- Tomas Plekanec. Game of the year. I’ve been watching him play since Day One of his NHL career and I don’t recall a goal celebration from him like we saw after his game tying goal with time, and perhaps the season, slipping away. If you have a heart it had to expand for the much maligned veteran who knew better than anyone how poorly his line had played in the opener. The moment brought to mind an early season episode of 24CH when cameras caught assistant coach Kirk Muller yelling between periods in St. Louis, “You’re not done yet, Pleky! Your career is not over!” As mentioned, the Habs needed hungrier players in this one. Once Plekanec set up in front of the net he wasn’t distracted, even as defenseman Nick Holden broke his own stick with a slash across Plekanec’s leg, followed by a couple of shoves. Yet the centre didn’t flinch, eventually redirecting the puck past Lundqvist to set in motion a 1-1 series tie. The reason Plekanec was on the ice late enough to tie the game was his continued (and unexpected) late season surge of strength in the face off circle (17/27 or 63%). If the Habs win this series you’ll be able to look back and point to this game as the night when Plekanec earned his season salary.
- Alexander Radulov. The net front mismatch between Radulov and Mika Zibanejad on the winning goal was typical of the entire game as the Rangers had no answer for Radulov’s puck possession game in their zone. Doesn’t seem to matter how little time or space he has to work with because he is almost always going to make the right play. While his line/teammates couldn’t finish for him in Game One, they did enough to set the stage for him to finish for himself – while scoring the biggest goal of his NHL career.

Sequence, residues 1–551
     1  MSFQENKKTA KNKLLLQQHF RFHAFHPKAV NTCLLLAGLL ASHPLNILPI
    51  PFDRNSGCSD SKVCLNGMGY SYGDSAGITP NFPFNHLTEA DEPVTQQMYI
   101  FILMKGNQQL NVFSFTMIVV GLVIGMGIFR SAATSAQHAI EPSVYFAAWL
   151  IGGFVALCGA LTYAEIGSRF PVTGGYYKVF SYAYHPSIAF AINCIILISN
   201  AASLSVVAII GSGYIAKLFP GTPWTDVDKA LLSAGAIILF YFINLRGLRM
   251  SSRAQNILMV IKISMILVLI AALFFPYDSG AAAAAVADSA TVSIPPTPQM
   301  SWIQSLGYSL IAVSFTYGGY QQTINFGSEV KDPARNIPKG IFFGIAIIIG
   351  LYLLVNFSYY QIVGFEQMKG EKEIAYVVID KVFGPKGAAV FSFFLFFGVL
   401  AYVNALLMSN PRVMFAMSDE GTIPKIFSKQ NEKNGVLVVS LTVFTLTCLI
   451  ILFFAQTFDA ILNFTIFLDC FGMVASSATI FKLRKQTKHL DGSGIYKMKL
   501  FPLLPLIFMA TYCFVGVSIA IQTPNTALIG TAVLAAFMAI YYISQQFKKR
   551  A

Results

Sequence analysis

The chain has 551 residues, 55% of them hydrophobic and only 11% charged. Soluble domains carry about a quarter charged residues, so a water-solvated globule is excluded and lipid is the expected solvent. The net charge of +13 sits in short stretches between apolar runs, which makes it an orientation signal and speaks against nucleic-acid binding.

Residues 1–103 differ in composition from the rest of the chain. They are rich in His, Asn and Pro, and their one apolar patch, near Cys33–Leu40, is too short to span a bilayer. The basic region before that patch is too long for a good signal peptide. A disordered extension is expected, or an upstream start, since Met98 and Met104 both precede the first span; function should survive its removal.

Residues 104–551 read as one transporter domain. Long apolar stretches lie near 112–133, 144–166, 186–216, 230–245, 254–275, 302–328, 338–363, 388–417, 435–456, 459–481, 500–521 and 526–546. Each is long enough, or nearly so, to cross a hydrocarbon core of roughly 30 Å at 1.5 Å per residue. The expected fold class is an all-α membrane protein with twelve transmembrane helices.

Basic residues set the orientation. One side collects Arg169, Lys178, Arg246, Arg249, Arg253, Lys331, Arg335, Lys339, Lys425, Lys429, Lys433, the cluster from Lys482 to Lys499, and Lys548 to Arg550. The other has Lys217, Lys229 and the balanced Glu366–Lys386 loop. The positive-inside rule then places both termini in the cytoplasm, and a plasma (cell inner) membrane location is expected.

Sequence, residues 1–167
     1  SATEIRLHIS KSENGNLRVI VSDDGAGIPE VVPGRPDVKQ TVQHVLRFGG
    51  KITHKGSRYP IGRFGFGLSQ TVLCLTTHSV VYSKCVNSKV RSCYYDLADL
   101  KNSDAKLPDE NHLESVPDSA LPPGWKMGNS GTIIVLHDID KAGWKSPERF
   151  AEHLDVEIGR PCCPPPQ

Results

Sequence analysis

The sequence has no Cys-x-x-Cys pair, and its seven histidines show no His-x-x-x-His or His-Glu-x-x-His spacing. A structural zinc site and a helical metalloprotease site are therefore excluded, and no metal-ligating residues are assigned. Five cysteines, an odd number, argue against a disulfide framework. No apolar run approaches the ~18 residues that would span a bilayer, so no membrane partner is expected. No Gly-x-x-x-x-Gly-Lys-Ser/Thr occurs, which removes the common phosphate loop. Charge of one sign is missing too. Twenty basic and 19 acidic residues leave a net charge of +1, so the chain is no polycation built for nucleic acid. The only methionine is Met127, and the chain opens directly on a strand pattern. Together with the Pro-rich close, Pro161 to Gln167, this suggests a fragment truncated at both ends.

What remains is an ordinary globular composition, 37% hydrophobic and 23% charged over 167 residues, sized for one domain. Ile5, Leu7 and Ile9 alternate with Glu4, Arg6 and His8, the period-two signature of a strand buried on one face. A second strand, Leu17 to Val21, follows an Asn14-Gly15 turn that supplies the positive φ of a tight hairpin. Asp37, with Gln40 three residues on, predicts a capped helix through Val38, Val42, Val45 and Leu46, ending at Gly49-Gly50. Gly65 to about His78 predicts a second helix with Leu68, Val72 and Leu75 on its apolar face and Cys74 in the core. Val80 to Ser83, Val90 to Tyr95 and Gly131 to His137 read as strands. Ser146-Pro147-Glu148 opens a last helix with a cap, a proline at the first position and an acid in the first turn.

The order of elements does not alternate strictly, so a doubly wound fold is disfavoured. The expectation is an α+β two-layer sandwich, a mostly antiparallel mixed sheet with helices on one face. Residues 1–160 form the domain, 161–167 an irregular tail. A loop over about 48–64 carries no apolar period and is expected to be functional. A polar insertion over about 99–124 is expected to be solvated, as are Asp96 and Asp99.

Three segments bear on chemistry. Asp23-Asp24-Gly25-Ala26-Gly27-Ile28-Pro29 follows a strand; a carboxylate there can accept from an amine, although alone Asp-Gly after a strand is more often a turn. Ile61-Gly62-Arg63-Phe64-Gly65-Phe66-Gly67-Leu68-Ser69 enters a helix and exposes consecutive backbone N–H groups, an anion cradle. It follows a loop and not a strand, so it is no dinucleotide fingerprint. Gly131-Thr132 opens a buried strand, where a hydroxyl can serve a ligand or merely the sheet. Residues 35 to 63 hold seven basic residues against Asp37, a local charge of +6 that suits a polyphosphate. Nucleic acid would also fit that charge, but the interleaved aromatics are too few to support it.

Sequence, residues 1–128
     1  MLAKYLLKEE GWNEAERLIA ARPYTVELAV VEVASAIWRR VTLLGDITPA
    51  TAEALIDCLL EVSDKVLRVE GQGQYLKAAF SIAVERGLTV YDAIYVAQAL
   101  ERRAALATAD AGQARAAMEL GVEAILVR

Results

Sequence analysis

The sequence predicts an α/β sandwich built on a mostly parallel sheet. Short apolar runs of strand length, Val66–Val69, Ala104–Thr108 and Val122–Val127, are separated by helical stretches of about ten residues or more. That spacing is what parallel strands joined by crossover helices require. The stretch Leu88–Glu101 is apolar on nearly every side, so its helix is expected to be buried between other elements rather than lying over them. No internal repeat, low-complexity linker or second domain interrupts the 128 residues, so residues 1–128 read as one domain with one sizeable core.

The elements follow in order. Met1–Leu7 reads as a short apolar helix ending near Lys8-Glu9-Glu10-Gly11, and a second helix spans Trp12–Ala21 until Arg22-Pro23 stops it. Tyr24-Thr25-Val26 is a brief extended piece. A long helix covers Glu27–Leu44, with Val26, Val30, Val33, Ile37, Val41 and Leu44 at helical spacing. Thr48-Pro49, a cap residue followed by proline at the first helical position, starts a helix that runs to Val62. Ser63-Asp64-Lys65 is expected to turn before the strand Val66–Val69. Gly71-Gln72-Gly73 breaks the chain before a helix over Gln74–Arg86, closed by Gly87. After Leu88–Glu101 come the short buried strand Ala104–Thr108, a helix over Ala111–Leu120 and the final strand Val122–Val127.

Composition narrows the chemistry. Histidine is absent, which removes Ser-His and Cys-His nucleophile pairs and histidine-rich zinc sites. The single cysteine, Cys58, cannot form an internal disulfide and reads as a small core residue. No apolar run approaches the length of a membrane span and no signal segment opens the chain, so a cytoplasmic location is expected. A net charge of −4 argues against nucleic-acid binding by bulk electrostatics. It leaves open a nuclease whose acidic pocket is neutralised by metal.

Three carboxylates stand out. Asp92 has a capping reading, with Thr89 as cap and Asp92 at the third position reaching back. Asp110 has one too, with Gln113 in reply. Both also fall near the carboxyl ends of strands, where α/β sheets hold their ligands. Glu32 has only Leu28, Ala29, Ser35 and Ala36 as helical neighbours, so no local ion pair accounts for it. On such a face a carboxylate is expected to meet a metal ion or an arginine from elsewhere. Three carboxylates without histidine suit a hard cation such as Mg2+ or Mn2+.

- Shea Weber. In total monster mode for two games. Looked like he had won the game in OT when his one-time blast from the left side of the ice beat Lundqvist up high, only to clank off the area of the net where the goalpost meets the crossbar. Eventually settled for helping to set up the Radulov game winner. He’s providing offense, moving the puck out, leaning on opponents, clearing the crease, blocking shots (7 including perhaps a game saver) and sending a loud and clear message that he is definitely willing to drop his gloves to destroy anybody who thinks they can send him through the back boards.
- Andrei Markov. Played a game high 33:37. And yet the 38 year old looked like he could have kept going for another 30 minutes. We’ll see if some fatigue begins to creep into his game at MSG but he’s another veteran member of the leadership core who delivered when it mattered most.
- Max Pacioretty. Much like in the opener, Pacioretty got off to a slow start but his game kept getting better with more and more ice time (26:21 to lead all forwards). It was the Habs’ captain who led the rush into the Rangers zone with strength and purpose before sending the puck to the net along the ice (instead of those floaters he was wristing into Lundqvist’s glove far too often) where Radulov pitchforked it into the back of the net.